The Boston Celtics are having a wonderful season, third in the Eastern Conference with only about a month remaining in the regular season, one of the true surprise teams in the NBA along with perhaps the Charlotte Hornets and Portland Trail Blazers.

They’ve done it with an unheralded group of what’s mostly considered role players, accepting shared responsibility, working hard and guided by a bright, young coach.

All the Celtics need now is for Kevin McHale to get a general manager’s job, preferably with the Atlanta Hawks or Oklahoma City Thunder.

You may remember the secret to the Celtics’ most recent run, their 2008 championship and a loss in the 2010 Finals, a wonderful five-year festival of success. It was when former teammate McHale traded star and leader Kevin Garnett to Boston and GM Danny Ainge for a packet of young players and draft picks. It never got McHale’s Timberwolves much of anywhere. Except a firing for McHale and off to coach Houston. But with the earlier trade for Ray Allen, when Boston’s season-long draft plans blew up with bad lottery luck, the Celtics had a new Big Three and championship relevancy.

That’s where they are now, poised on the brink of becoming an Eastern Conference threat to LeBron James and the Cleveland Cavaliers. But they are little threat with the team they have, and as good as they have been and as entertaining and difficult to play as they have become, they basically don’t have a single player whom they are committed to beyond this season.

Sure, several are under contract, and many, particularly guard Isaiah Thomas, have done exceptionally well, Thomas as a 173-cm point guard even becoming the most unlikely of All-Stars this season as a last pick in the 2011 draft.

But this Celtics roster is all about figuring out where to find the next Garnett, an anchor, a true star and leader.

The Celtics are reasonably well positioned to do so with the clever moves Ainge has made. Realizing his title window had closed with Paul Pierce and Garnett, Ainge traded them. So Boston this season in addition to its own draft pick has the Nets’, which is unprotected and could be top five, and likely Dallas’ unless it is top eight, which seems unlikely.

In 2007, Ainge was in a similar situation, if not with as successful a team. The Celtics had the league’s second-worst record in a season filled with fans’ dreams about drafting Greg Oden — their choice no matter what you may hear otherwise — or Kevin Durant as a consolation prize.

But in the lottery, Portland jumped up from No. 7, Seattle from No. 5 and Atlanta from No. 4. The Celtics fell as far as they could to No. 5 and no hope of landing an impact player.

So Ainge cashed in the pick for Ray Allen, a nice addition, though one who would seemingly not make Boston much better than when they had Pierce and Antoine Walker. But then came the shocker at the end of July, the Garnett heist for a bundle of players and picks. Suddenly, it was three stars with a fulcrum and the Celtics were off.

Can Ainge do it again?

He’s reportedly chased every big star with rumors of offers for Dwight Howard, Al Horford, Durant and Jimmy Butler, among others. Nothing happened, obviously. The Celtics will be well under the salary cap with a roster of mostly drafted players and inexpensive free agents. It’s one edge the Celtics have had in competing this season. They’re like a tryout camp with everyone working every day to make the team. And get a contract.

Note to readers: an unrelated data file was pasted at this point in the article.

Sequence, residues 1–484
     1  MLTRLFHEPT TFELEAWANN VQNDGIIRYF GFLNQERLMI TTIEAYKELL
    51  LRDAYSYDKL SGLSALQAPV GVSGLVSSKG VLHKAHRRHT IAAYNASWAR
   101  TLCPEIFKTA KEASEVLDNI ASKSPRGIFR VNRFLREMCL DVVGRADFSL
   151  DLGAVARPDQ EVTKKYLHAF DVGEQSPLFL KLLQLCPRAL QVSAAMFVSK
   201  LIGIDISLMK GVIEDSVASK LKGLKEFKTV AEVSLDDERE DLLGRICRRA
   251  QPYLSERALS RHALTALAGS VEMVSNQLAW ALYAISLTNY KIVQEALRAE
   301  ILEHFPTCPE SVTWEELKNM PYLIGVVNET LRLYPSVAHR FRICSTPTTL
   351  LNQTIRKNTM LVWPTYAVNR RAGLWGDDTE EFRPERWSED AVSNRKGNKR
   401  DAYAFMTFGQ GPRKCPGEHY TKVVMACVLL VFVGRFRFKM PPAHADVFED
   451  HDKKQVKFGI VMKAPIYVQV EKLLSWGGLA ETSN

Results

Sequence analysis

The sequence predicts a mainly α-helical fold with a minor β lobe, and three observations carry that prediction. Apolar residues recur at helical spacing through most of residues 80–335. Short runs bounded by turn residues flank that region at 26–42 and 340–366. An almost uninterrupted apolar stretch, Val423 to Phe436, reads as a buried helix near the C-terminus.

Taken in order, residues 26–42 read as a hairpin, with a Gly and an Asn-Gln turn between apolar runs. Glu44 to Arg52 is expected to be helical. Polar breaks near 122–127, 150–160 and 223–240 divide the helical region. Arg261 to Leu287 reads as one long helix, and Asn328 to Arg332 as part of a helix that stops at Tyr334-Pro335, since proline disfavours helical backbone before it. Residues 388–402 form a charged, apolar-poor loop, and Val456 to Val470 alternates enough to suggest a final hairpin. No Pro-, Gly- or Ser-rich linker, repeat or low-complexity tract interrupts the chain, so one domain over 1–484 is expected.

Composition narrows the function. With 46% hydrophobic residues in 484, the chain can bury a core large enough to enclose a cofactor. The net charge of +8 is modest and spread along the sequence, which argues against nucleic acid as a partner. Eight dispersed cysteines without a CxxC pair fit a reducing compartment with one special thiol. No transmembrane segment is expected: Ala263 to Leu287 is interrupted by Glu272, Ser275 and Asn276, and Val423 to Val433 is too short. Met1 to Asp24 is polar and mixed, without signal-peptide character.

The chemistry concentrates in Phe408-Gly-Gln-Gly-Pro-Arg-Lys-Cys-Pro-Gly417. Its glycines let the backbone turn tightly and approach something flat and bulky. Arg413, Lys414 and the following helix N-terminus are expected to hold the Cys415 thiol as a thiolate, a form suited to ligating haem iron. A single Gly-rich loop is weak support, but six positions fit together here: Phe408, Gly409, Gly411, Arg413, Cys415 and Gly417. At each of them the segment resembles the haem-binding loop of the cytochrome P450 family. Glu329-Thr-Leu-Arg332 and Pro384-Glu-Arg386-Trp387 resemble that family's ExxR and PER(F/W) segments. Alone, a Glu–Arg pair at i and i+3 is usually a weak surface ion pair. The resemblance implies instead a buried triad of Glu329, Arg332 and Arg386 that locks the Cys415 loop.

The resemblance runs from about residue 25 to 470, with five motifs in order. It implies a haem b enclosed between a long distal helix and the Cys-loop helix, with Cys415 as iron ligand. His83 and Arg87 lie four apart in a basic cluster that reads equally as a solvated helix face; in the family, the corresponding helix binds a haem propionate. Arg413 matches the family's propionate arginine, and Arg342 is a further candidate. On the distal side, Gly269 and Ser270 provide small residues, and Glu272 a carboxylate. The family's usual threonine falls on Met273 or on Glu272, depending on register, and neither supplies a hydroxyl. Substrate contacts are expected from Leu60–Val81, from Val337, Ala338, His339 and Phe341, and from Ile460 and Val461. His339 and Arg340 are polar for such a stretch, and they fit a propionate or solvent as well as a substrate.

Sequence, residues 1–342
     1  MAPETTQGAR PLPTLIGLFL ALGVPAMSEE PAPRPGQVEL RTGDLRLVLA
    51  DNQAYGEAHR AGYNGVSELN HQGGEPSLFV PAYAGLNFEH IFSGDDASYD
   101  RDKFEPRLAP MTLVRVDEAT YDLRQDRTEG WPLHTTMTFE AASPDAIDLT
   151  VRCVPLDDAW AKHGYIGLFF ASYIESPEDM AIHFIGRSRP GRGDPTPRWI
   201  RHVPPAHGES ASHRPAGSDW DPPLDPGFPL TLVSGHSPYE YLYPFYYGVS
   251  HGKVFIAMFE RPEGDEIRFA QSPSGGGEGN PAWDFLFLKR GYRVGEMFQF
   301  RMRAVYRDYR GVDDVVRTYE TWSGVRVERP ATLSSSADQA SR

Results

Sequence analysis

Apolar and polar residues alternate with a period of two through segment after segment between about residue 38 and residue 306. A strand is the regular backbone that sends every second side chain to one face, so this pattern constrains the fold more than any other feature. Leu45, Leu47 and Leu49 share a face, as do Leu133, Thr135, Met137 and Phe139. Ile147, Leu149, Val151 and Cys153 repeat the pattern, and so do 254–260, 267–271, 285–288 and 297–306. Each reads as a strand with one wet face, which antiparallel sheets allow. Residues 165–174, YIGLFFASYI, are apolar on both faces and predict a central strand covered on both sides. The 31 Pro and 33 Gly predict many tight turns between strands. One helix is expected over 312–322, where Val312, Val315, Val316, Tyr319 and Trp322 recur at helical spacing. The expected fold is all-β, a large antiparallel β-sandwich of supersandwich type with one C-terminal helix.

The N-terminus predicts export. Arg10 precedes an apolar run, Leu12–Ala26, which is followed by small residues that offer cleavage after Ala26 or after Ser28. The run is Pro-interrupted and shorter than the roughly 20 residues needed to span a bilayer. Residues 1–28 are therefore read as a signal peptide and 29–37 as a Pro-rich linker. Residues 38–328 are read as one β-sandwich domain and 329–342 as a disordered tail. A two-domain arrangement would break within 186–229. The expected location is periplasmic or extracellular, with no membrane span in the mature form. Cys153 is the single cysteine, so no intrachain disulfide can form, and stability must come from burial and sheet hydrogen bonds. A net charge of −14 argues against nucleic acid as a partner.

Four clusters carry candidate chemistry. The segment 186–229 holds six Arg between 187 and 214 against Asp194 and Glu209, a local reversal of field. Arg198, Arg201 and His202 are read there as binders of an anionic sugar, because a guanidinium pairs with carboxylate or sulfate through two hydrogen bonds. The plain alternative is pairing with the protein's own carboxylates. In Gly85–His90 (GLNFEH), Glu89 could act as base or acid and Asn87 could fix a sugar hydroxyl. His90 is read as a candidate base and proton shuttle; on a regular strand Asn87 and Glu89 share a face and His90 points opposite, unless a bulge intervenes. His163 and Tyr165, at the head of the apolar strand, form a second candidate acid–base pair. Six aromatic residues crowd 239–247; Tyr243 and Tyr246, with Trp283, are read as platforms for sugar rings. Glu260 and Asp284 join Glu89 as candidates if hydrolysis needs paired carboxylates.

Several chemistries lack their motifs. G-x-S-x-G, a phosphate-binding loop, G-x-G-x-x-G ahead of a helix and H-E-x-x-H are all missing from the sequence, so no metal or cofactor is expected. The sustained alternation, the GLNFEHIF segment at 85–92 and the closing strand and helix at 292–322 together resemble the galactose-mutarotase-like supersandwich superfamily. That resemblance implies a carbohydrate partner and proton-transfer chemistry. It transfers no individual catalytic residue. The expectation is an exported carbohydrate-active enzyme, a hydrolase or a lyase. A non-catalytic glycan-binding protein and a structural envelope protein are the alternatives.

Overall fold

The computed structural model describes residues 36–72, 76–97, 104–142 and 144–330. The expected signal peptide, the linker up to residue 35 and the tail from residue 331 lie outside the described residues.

So they can pursue big timers like Durant and Horford in free agency. There even has been speculation that if they could lock up Horford, Durant would follow to play with the big man.

Who knows?

So for now, they hustle.

They’ve got a good mix with excellent perimeter defenders in Avery Bradley, Jae Crowder and Marcus Smart and they pressure relentlessly. Teams don’t like that. Their guards, led by Thomas, attack the basket on offense and they leave it up to the elusive Thomas late. They are tough and accept their roles, which perhaps is easier with so many just trying to make the team’s future.

Then there’s coach Brad Stevens, an aberration from a small college, Butler University in Indianapolis. Ainge smartly gave him a six-year contract to take the pressure off coming in with a losing team. Stevens is clever, willing to experiment and adjust and unlike many college-to-pro coaches who have failed, willing to coach young players and learn. Unlike so many coming to the NBA who want to coach only veterans.

A veteran NBA coach who has watched Stevens closely gives this scouting report:

“He has succeeded because he is bright, not full of himself, a super student of the game. He has copied the best plays over the years, uses them wisely, and now has everyone else stealing from him. He stays out of his own way as a coach, stays out of the way of his players, is honest with his team and players in a matter of fact way that does not ruffle feathers, and still teaches the game like the college coaches used to do, an emphasis on simple fundamentals and execution. And he finally has a homogeneous roster with few problem guys.”

All that is terrific, and Boston fans are excited.

It won’t get them an 18th title.

That could be up to the next team that hires McHale.

Sam Smith covered the Chicago Bulls for 25 years with the Chicago Tribune. He is the author of the best-selling book “The Jordan Rules.”

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